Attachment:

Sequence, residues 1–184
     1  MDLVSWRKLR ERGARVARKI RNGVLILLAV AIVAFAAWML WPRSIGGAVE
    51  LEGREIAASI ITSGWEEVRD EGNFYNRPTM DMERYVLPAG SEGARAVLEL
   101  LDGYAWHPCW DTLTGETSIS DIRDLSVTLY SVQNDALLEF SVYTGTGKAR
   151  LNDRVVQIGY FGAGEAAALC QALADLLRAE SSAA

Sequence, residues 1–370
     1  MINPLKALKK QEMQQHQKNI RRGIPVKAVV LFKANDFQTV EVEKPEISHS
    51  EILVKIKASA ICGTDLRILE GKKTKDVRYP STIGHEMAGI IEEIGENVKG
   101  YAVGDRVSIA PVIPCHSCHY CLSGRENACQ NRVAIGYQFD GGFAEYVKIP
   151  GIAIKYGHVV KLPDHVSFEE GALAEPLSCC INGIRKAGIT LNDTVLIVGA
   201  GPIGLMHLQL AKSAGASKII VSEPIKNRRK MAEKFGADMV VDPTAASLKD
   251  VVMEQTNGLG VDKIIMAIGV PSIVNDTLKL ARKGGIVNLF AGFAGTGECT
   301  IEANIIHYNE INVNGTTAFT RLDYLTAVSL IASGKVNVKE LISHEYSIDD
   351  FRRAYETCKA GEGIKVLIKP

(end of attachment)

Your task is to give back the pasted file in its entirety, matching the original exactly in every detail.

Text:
Sequence, residues 1–184
     1  MDLVSWRKLR ERGARVARKI RNGVLILLAV AIVAFAAWML WPRSIGGAVE
    51  LEGREIAASI ITSGWEEVRD EGNFYNRPTM DMERYVLPAG SEGARAVLEL
   101  LDGYAWHPCW DTLTGETSIS DIRDLSVTLY SVQNDALLEF SVYTGTGKAR
   151  LNDRVVQIGY FGAGEAAALC QALADLLRAE SSAA

Sequence, residues 1–370
     1  MINPLKALKK QEMQQHQKNI RRGIPVKAVV LFKANDFQTV EVEKPEISHS
    51  EILVKIKASA ICGTDLRILE GKKTKDVRYP STIGHEMAGI IEEIGENVKG
   101  YAVGDRVSIA PVIPCHSCHY CLSGRENACQ NRVAIGYQFD GGFAEYVKIP
   151  GIAIKYGHVV KLPDHVSFEE GALAEPLSCC INGIRKAGIT LNDTVLIVGA
   201  GPIGLMHLQL AKSAGASKII VSEPIKNRRK MAEKFGADMV VDPTAASLKD
   251  VVMEQTNGLG VDKIIMAIGV PSIVNDTLKL ARKGGIVNLF AGFAGTGECT
   301  IEANIIHYNE INVNGTTAFT RLDYLTAVSL IASGKVNVKE LISHEYSIDD
   351  FRRAYETCKA GEGIKVLIKP